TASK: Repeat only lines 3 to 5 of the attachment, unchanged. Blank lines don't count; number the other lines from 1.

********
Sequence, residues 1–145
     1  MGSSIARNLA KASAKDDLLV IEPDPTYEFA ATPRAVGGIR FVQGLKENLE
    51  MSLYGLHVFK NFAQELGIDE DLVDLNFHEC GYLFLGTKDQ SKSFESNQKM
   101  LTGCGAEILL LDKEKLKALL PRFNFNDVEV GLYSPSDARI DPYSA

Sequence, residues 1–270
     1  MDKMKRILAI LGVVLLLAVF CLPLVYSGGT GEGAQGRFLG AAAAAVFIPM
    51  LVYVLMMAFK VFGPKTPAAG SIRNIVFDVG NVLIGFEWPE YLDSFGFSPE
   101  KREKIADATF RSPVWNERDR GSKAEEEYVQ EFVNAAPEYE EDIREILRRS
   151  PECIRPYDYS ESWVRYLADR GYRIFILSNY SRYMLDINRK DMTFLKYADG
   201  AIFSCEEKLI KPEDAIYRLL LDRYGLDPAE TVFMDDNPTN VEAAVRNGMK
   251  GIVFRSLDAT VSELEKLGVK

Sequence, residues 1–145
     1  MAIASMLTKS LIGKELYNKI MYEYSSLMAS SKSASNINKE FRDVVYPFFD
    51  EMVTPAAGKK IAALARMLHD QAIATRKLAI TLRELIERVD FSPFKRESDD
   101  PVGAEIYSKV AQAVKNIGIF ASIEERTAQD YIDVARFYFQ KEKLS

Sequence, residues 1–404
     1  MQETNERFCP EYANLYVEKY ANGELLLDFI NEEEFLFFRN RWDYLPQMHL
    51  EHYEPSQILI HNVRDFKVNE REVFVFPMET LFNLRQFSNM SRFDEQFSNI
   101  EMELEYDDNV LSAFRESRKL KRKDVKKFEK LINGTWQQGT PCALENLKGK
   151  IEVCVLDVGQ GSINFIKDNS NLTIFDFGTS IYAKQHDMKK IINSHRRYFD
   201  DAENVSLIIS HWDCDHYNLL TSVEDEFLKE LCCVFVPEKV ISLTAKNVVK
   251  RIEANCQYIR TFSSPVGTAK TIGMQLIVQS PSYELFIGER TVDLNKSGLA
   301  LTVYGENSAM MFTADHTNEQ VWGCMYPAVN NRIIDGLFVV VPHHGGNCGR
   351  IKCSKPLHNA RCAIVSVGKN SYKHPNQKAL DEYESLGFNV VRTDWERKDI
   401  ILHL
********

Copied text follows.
    51  MSLYGLHVFK NFAQELGIDE DLVDLNFHEC GYLFLGTKDQ SKSFESNQKM
   101  LTGCGAEILL LDKEKLKALL PRFNFNDVEV GLYSPSDARI DPYSA

Sequence, residues 1–270